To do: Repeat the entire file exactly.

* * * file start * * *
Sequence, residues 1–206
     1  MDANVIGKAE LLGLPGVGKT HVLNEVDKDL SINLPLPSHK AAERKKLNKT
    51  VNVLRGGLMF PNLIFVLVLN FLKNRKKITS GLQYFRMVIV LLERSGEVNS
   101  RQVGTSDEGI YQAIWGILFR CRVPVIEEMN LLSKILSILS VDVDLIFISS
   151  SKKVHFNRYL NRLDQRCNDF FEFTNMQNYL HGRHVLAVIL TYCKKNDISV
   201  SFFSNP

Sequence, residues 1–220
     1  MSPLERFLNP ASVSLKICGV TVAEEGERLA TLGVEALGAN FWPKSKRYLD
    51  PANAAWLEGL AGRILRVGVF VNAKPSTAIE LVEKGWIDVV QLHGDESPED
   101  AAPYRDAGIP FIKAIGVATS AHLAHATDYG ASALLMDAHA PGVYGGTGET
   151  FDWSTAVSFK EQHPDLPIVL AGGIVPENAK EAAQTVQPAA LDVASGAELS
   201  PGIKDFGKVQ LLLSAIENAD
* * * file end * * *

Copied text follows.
Sequence, residues 1–206
     1  MDANVIGKAE LLGLPGVGKT HVLNEVDKDL SINLPLPSHK AAERKKLNKT
    51  VNVLRGGLMF PNLIFVLVLN FLKNRKKITS GLQYFRMVIV LLERSGEVNS
   101  RQVGTSDEGI YQAIWGILFR CRVPVIEEMN LLSKILSILS VDVDLIFISS
   151  SKKVHFNRYL NRLDQRCNDF FEFTNMQNYL HGRHVLAVIL TYCKKNDISV
   201  SFFSNP

Sequence, residues 1–220
     1  MSPLERFLNP ASVSLKICGV TVAEEGERLA TLGVEALGAN FWPKSKRYLD
    51  PANAAWLEGL AGRILRVGVF VNAKPSTAIE LVEKGWIDVV QLHGDESPED
   101  AAPYRDAGIP FIKAIGVATS AHLAHATDYG ASALLMDAHA PGVYGGTGET
   151  FDWSTAVSFK EQHPDLPIVL AGGIVPENAK EAAQTVQPAA LDVASGAELS
   201  PGIKDFGKVQ LLLSAIENAD